Where did the name Rheino Ceramics come from?

Rheino comes from a mix of things. Mostly, it’s a nod to my Dad. Our last name is Rienerth, so his nickname with his friends is Rhino. Both of my parents are the best people in the world and my Dad has always been such a wonderfully stable person in my life. I also wanted to play with the word “rhine” due to the Cincinnati location.


What did you want to be when you grew up?

I wanted to be so many things! I’ll try to remember everything. Superhero, basketball player, priest (when I was like 6), librarian, fire-fighter, pilot, chef, and I also thought pretty hard about architecture in my High School Days. Art therapy was also a thought.


What is your process?

My process all depends on making. The more I make, the more ideas I get and the more organic the process becomes. I don't sketch much, and I find more satisfaction with just making a plain cylinder and going from there. Pushing my craft and the forms I make is the best way for me to grow. Same goes with the surface decoration. Testing is the best part of the process and the material.

What advice would you give yourself 10 years ago?

Ten years ago I would tell myself to just do what you really love. I know that sounds cheesy. I would not have stressed out half as much about the impending future after high school if I knew that just working really hard at something I really love would bring me this joy. There was just too much unnecessary worrying when I was trying to figure out what I wanted to do in school. If you really want something, you'll make it work.

What has been your favorite thing about the Rheino Ceramics journey so far?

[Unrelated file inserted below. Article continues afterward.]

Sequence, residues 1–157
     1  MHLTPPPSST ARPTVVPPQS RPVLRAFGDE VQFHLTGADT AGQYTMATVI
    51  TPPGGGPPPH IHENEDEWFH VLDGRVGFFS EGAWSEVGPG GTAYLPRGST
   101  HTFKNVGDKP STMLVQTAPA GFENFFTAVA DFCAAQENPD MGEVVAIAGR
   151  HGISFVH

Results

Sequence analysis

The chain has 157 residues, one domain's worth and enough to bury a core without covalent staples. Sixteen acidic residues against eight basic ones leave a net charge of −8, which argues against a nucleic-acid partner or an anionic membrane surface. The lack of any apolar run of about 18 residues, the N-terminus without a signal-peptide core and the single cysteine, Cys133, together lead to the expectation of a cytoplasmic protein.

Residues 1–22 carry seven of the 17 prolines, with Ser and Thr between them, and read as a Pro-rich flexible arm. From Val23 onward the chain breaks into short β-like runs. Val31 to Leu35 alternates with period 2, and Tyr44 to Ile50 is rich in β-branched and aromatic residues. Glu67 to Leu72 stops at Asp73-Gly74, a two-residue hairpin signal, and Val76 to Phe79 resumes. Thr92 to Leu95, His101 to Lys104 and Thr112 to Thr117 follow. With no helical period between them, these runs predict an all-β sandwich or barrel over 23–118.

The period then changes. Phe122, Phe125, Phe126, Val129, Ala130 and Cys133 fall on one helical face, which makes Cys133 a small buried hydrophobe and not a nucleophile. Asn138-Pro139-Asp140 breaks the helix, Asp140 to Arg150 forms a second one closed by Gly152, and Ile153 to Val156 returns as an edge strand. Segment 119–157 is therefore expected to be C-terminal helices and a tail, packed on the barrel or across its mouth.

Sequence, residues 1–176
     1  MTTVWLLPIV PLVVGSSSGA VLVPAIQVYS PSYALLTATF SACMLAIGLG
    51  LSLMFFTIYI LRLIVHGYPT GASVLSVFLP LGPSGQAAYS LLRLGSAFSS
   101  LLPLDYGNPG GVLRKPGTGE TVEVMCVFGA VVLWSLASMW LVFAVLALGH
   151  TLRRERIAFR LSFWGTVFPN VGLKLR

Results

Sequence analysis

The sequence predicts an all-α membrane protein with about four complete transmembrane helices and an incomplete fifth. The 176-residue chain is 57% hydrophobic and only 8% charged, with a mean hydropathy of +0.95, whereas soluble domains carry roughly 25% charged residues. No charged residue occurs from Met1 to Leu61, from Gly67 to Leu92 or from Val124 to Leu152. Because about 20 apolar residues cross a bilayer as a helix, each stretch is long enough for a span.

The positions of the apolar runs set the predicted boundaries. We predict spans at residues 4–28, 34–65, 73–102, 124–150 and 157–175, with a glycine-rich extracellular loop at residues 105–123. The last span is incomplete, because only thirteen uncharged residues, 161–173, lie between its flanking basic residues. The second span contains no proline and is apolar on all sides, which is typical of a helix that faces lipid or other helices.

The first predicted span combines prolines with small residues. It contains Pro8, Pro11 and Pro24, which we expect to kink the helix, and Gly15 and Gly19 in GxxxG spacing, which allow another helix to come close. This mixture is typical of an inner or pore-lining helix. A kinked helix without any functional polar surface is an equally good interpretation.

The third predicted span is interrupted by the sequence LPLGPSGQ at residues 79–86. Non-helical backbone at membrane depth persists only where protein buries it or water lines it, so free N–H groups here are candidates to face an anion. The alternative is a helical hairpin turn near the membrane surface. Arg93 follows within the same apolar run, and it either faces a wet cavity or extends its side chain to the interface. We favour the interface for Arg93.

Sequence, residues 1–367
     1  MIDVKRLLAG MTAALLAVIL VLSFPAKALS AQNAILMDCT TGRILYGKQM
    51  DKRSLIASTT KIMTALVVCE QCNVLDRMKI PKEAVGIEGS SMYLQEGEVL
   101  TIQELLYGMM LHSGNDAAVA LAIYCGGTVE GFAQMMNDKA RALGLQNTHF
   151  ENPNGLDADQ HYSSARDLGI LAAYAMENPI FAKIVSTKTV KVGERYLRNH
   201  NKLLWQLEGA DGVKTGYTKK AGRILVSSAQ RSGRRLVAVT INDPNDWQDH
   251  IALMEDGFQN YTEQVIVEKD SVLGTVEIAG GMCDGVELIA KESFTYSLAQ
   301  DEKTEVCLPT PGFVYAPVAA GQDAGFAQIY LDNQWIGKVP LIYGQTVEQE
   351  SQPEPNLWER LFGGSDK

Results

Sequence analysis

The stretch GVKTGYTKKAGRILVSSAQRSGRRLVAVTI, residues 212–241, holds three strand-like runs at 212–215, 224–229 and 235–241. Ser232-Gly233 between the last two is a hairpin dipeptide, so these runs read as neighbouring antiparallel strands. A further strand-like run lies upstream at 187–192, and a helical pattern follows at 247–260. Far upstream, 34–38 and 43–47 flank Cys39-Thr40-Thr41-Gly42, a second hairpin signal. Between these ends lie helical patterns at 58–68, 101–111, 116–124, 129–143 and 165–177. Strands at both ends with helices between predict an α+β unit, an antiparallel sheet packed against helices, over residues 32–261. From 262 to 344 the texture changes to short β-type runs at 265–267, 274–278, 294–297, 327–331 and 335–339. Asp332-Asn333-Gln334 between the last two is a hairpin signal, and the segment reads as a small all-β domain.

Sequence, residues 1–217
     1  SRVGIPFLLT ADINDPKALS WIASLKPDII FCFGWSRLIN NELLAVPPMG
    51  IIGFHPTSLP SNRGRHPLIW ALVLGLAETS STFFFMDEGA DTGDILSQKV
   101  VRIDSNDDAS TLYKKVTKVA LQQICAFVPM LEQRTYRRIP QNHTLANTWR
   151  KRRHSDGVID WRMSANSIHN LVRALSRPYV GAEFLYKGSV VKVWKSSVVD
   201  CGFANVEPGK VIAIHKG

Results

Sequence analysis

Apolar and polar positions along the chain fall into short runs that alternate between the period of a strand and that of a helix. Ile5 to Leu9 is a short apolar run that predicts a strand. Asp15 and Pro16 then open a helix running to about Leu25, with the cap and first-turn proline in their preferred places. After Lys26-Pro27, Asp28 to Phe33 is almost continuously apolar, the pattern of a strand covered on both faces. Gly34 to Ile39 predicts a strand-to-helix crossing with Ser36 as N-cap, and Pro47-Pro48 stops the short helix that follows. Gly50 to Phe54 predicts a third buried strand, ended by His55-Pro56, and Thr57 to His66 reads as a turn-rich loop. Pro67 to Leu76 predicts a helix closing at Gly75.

My favorite thing about having Rheino is the people I have met. The community is so supportive of local makers and other makers are also extremely supportive. Makers are the best people you will ever meet.

What has been the biggest reward of starting your own business?

The biggest reward of having my own business is just having the ability to make my work. I am able to feed a part of my life that has to be there. My goal when I graduated from UC was to just keep making work. I know I am going to be ok as long as I am making.

What is your favorite thing about Exploring Ohio?

Being from Cleveland, I love that I have experienced of the two opposite poles of the states. Lake Erie will always be one of my favorite places, but there are so many other great things between the Ohio river and the lake. Mohican, the metro parks, Hocking hills, Yellow Springs, etc., you can't get bored with this place. There is a great balance of growing metropolitan areas and the cities with the awesome parks and trails throughout the state.

Follow Rheino Ceramics on Instagram at @rheinoceramics!